Will the Patriots' weak QB schedule derail them on road to Super Bowl?

Both Steelers and Patriots have skeletons in their closets (1:57)

The SportsNation crew discuss recent comments from Patriots WR Julian Edelman and Steelers QB Ben Roethlisberger and decide who took the higher ground, even though both organizations have a history of player and organizational troubles. (1:57)

The winner of Super Bowl LI will have undoubtedly beaten two great quarterbacks in the final two games of the season. MVP favorite Matt Ryan already dueled Aaron Rodgers' Green Bay Packers in Week 8, but Ben Roethlisberger missed the big clash with Tom Brady's New England Patriots in Week 7. Backup Landry Jones started the 27-16 loss for the Pittsburgh Steelers.

In fact, New England's No. 1 scoring defense has caught a lot of breaks this season with the schedule, which ranks as the easiest in the league. The caliber of opposing quarterbacks has a lot to do with this, and it is part of why the Patriots defense ranks only 16th in DVOA, Football Outsiders' main efficiency metric (explained here) that adjusts for opponent strength.

One could argue that Russell Wilson was the only good quarterback the Patriots faced this season, and they lost at home in a 31-24 final. However, even Wilson was not on top of his game this season; he finished 15th in passing DVOA among qualified quarterbacks (minimum 200 pass attempts). The Patriots did not face a single quarterback who ranked in the top 12 in DVOA in 2016, so Roethlisberger (ranked ninth) will be their first, while Ryan (first) or Rodgers (eighth) would be a second should the Patriots advance to the Super Bowl.

On the other hand, the 2016 Packers have played the eighth-toughest set of quarterbacks based on average passing DVOA among the 108 teams to reach conference championship games since 1990. Atlanta's schedule of quarterbacks ranks 36th, while Pittsburgh's ranks 77th.

As for the 2016 Patriots, we have them firmly among the top-10 easiest quarterback schedules since 1990, which are outlined below. Only games in the regular season against quarterbacks who threw at least 10 passes in the game were included. We also noted the top quarterback faced that season in terms of highest DVOA ranking, the team's regular-season record in games against top-12 quarterbacks and which quarterbacks the teams faced in the postseason, with their DVOA rank for the season in parentheses.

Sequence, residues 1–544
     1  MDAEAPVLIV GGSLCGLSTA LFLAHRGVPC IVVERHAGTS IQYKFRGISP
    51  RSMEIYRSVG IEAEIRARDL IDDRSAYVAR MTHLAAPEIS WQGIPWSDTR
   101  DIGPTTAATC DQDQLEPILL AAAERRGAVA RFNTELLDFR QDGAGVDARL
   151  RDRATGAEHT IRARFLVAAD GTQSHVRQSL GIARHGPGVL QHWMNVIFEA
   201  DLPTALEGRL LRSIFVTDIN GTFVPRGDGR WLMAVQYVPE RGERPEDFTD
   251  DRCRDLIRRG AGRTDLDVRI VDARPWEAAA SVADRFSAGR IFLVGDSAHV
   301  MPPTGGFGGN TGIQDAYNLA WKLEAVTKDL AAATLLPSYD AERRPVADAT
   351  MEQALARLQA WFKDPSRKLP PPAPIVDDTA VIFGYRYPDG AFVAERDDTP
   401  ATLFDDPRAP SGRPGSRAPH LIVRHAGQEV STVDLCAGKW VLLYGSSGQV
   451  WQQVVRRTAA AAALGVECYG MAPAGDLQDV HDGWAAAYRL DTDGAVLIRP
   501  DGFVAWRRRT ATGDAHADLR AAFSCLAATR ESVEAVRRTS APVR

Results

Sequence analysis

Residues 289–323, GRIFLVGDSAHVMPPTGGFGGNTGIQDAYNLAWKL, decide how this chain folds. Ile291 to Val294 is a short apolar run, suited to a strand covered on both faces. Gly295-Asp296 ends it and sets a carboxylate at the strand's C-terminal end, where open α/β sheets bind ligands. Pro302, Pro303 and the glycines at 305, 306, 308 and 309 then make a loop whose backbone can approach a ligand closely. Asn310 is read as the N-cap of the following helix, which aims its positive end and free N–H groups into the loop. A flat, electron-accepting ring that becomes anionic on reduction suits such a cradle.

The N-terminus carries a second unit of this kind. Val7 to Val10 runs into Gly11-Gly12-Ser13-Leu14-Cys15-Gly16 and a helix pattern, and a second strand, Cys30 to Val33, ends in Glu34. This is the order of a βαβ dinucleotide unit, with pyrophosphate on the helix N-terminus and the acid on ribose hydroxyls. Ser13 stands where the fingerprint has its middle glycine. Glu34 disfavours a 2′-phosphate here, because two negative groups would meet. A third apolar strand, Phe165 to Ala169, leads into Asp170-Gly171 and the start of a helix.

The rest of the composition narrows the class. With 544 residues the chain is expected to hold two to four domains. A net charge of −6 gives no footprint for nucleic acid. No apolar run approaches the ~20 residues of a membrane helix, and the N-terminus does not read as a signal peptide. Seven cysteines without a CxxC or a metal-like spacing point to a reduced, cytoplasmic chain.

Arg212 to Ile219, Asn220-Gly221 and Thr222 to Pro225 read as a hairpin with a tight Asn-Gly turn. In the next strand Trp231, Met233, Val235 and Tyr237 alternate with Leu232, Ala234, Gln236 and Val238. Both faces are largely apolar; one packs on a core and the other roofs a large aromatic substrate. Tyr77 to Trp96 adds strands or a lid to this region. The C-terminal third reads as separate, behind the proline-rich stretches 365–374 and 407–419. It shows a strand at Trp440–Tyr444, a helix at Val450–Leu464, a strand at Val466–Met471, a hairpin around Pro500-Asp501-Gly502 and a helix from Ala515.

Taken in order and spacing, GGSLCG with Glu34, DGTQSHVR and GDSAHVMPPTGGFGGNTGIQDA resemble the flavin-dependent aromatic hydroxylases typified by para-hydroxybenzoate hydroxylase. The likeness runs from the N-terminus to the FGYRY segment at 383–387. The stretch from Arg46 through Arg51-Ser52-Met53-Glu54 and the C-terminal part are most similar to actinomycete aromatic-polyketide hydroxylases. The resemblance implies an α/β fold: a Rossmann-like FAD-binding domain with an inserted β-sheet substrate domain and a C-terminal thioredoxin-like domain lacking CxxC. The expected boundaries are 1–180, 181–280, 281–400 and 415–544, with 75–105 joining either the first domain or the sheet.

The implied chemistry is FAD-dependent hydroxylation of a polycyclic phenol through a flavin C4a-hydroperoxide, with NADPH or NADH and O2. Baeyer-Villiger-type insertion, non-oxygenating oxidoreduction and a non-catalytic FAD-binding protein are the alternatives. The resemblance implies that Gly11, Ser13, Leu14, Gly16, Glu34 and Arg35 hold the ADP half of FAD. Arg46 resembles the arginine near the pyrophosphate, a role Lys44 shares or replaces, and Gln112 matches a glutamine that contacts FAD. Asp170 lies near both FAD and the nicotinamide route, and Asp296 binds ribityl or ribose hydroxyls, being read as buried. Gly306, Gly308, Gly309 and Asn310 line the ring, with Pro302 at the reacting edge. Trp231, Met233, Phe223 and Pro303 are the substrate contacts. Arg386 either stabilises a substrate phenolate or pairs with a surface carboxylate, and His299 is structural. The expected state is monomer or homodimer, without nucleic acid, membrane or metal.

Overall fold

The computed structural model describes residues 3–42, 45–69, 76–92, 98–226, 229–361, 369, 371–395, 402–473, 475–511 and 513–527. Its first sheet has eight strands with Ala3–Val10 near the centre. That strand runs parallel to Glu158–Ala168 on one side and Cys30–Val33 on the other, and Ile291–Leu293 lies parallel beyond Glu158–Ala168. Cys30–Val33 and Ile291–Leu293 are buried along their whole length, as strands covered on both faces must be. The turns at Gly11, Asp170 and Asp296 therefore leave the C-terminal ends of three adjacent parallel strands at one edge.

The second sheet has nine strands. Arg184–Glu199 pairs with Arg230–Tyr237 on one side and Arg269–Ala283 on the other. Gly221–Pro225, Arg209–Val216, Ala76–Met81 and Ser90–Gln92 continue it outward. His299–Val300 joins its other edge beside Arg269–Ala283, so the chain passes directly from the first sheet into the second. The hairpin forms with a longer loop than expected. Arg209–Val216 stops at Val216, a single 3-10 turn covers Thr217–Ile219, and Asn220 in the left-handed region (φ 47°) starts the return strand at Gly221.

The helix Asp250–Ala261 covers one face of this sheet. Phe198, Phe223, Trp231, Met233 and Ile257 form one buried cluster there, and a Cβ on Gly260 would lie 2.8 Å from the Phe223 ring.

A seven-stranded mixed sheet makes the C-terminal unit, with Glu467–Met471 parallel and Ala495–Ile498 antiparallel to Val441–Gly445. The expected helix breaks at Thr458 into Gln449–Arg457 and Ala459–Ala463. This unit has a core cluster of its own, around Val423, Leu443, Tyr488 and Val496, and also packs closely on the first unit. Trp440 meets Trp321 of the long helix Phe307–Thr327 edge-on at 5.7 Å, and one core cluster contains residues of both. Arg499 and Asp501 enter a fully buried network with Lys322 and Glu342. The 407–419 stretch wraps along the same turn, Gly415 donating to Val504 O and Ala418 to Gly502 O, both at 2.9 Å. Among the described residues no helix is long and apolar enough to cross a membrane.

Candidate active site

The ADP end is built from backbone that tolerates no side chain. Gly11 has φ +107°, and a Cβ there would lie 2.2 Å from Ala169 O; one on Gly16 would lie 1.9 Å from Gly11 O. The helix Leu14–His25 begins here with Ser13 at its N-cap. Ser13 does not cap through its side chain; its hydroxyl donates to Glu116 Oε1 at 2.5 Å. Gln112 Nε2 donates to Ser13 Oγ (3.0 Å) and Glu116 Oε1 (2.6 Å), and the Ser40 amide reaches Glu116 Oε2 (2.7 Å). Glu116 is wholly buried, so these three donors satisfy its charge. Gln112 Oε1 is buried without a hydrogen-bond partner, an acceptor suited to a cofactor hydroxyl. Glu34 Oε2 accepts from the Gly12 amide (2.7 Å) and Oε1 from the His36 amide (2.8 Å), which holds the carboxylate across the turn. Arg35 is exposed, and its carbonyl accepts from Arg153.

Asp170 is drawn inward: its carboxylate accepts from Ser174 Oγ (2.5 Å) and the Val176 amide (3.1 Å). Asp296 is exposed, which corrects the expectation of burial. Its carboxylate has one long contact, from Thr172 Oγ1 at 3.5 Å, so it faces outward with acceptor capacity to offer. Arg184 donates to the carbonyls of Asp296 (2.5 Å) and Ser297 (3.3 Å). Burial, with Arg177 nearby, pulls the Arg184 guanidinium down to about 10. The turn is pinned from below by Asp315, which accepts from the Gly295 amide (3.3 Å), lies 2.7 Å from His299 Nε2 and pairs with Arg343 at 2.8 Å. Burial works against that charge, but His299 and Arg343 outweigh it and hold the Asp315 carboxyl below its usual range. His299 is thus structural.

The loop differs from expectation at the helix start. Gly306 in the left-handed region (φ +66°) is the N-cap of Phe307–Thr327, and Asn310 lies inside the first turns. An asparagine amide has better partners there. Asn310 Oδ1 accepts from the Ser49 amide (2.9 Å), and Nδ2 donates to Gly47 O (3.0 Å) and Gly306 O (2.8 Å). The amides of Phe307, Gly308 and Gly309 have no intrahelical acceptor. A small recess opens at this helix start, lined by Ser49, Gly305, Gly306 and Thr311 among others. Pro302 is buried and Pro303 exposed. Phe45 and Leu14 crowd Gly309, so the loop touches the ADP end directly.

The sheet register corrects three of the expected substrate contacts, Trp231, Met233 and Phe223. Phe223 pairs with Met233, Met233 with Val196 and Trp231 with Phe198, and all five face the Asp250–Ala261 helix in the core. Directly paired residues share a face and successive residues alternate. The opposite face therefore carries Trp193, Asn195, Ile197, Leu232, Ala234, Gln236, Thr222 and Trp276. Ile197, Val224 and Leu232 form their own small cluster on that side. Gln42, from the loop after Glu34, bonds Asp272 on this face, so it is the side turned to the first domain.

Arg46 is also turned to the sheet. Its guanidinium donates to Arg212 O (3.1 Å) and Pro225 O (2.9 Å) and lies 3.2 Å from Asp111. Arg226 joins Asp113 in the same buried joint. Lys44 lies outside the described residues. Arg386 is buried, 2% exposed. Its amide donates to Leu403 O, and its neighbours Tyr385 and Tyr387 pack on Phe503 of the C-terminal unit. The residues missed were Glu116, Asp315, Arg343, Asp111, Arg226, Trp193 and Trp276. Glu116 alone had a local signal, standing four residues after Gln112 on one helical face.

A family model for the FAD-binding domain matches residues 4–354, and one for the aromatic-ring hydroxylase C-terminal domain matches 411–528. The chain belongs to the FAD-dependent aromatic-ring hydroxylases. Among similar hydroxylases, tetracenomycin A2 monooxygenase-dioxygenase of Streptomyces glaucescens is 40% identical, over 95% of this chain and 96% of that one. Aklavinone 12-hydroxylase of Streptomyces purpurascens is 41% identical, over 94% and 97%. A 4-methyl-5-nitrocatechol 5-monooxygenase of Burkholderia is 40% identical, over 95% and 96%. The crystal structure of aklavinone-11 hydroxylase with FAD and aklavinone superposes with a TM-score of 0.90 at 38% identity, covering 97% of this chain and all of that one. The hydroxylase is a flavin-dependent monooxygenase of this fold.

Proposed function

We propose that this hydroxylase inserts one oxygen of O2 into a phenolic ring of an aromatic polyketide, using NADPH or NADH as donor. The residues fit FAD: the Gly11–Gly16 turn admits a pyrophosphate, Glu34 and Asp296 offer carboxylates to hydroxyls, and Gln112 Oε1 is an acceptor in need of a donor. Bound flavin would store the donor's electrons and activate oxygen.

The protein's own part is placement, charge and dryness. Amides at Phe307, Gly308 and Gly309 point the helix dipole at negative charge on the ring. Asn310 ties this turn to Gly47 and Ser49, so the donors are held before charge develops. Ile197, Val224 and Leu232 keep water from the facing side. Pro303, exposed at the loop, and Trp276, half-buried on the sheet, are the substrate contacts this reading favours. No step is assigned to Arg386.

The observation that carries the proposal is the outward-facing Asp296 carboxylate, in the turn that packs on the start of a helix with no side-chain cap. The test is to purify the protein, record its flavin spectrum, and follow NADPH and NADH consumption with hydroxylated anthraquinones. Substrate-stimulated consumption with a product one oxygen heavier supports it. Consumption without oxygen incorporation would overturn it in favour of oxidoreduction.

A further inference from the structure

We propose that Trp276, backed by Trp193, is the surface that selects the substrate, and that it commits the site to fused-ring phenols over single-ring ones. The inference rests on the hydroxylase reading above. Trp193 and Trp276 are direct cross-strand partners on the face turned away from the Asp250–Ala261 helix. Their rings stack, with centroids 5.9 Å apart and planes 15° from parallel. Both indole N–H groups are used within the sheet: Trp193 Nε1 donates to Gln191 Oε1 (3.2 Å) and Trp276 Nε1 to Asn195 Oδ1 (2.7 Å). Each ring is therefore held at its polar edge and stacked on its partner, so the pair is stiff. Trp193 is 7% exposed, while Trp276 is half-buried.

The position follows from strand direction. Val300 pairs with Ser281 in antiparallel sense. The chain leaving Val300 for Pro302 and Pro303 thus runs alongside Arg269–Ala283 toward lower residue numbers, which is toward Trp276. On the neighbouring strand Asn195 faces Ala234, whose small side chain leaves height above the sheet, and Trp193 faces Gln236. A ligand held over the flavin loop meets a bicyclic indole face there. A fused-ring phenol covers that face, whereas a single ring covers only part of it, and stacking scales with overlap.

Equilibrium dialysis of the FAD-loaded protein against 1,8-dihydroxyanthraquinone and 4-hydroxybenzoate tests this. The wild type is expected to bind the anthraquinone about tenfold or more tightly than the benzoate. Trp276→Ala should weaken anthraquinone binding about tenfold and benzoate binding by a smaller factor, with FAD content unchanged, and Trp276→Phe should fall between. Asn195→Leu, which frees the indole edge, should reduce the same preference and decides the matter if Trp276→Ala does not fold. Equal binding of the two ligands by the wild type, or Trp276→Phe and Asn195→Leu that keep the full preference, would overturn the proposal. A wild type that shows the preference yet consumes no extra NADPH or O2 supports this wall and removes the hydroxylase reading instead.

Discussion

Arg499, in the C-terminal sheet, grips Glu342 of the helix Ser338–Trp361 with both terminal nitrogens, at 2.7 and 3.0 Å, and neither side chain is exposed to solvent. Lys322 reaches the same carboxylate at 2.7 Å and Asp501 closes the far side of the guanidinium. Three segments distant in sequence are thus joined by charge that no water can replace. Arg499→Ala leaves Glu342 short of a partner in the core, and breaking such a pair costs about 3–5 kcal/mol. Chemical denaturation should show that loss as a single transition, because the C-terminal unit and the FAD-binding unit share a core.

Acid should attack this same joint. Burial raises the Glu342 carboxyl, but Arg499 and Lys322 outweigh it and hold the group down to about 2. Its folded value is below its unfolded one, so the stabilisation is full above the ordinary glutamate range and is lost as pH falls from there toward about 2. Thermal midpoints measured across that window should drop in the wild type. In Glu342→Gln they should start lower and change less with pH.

1. 1992 Dallas Cowboys (minus-14.1 percent DVOA)

Result: Won Super Bowl XXVII vs. Buffalo Bills
Top quarterback faced: Jim Everett (6th)
Games vs. top-12 quarterbacks: 5 (3-2 record)
Postseason quarterbacks faced: Randall Cunningham (15th), Steve Young (1st) and Jim Kelly (5th)

The first of three Super Bowl winners for Dallas in the 1990s, the 1992 Cowboys pounced on the likes of Will Furrer (Bears), Stan Gelbaugh (Seahawks) and a young Tommy Maddox (Broncos) when John Elway was out for the Broncos. This Dallas team played only eight games against quarterbacks who threw at least 300 passes over the regular season.

Dallas had an impressive run in the playoffs, taking down Randall Cunningham's Eagles before winning a 30-20 classic in San Francisco against that season's league MVP, Steve Young. Dallas dispatched Jim Kelly's Bills in the Super Bowl, but Kelly did leave that game injured after throwing two interceptions on seven pass attempts. Dallas played most of the game against Frank Reich, the backup who engineered a record 32-point comeback against Houston that postseason but was unable to save the Bills from a 52-17 Super Bowl blowout.